“But, these rate cuts cannot overcome the hesitation of big corporations to undertake the capital expansions that determine future job growth,” said Dhawan. “These firms are global in scope and dependent on external markets for a big proportion of their revenues.”

A case in point is Delta Air Lines. The state’s largest corporate employer collects 30 percent of its passenger revenue from international operations. In the second quarter of 2019, its global sector grew by 5.2 percent, compared to 8.7 percent for the same period in 2018.

The Port of Savannah, another transportation crown jewel, is largely responsible for driving the economic growth of the Savannah metro area. In mid-2018, Savannah’s job growth was 2.7 percent, outpacing the state’s job growth rate of 1.9 percent when global trade volumes were good. But by June 2019, Savannah’s growth rate dropped to 1.2 percent, putting it below the state’s 1.7 percent growth as the global economy cooled.

“Globally connected sectors and areas grow higher than average when the world economy is booming, but they decelerate sharply when the tide turns,” Dhawan said.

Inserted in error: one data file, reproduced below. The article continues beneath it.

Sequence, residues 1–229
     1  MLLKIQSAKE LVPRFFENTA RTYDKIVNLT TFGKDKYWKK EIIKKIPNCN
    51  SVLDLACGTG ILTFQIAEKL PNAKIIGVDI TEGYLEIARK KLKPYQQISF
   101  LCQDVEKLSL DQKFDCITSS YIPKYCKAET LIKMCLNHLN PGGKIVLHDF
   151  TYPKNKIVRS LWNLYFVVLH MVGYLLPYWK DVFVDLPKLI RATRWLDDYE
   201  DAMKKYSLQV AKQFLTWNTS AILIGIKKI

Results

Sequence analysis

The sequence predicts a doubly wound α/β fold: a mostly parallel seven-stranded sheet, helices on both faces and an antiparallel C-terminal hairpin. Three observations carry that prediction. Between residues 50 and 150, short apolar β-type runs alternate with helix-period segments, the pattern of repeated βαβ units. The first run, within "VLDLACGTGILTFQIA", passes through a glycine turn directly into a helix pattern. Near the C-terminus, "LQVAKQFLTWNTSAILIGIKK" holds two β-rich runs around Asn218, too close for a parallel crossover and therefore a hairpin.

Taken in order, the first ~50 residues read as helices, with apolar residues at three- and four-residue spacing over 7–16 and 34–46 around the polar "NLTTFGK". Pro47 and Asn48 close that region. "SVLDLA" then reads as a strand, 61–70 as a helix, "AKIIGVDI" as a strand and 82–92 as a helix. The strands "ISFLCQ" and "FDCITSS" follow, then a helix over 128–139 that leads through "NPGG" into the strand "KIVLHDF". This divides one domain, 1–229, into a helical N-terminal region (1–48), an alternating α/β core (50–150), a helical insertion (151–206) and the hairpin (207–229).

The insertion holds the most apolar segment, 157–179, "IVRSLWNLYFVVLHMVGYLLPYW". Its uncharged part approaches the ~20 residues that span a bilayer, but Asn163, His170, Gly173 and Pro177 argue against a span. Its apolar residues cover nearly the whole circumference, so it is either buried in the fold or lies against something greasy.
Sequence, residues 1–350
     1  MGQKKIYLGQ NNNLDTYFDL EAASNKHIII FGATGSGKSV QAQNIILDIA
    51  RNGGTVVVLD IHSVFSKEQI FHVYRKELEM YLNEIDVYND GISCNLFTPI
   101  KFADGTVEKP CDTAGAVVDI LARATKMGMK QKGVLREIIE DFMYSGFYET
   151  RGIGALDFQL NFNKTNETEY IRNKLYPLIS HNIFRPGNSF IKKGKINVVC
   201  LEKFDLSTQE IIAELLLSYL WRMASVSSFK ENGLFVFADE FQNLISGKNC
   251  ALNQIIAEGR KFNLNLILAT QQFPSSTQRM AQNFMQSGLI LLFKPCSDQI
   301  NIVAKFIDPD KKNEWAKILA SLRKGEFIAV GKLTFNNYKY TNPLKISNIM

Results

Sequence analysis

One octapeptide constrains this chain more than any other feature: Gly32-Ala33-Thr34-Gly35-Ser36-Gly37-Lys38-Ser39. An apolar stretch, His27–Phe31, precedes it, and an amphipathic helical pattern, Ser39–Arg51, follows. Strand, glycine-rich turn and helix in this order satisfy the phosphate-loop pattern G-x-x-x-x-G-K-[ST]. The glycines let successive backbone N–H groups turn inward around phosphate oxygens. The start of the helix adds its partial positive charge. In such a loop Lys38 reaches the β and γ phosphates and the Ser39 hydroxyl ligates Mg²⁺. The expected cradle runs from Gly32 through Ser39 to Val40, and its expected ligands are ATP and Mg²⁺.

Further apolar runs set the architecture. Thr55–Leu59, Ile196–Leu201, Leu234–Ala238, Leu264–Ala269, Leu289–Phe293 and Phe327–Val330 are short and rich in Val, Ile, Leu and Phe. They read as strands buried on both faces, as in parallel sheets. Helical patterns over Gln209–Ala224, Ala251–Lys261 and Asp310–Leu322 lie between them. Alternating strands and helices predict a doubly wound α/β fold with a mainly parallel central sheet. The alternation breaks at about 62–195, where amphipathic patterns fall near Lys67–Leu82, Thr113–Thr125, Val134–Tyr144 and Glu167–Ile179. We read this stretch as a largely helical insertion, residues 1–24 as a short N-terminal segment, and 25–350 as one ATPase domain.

The global health of Fortune 500 companies headquartered in Georgia determines the hiring of managerial jobs in Atlanta, which has a multiplier effect on downstream sectors.

Domestic demand sectors are performing better than globally connected ones, particularly hospitality (historically high occupancy rates), education (growing due to population growth), healthcare (overall population growth and aging) and construction (new hotel, office and apartment developments).

“Fed rate cuts will alleviate the pain somewhat, and relatively clear skies will emerge, but without a rainbow,” said Dhawan.

Highlights from the Economic Forecasting Center’s Report for Georgia and Atlanta

Georgia employment will add 65,200 jobs (11,400 premium jobs) in 2019, gain 53,500 jobs (9,400 premium) in 2020 and increase by 48,200 (9,700 premium) in 2021.

Nominal personal income will grow 4.3 percent in 2019, then increase by a better 5.1 percent in 2020 and 2021.

Atlanta will add 45,300 jobs (7,900 premium positions) in 2019, moderate to 37,900 jobs (7,200 premium) in 2020 and 35,600 jobs (7,300 premium) in 2021.

Atlanta housing permitting activity will fall 18.9 percent in 2019, decline 6.0 percent in 2020 and fall another 3.0 percent in 2021.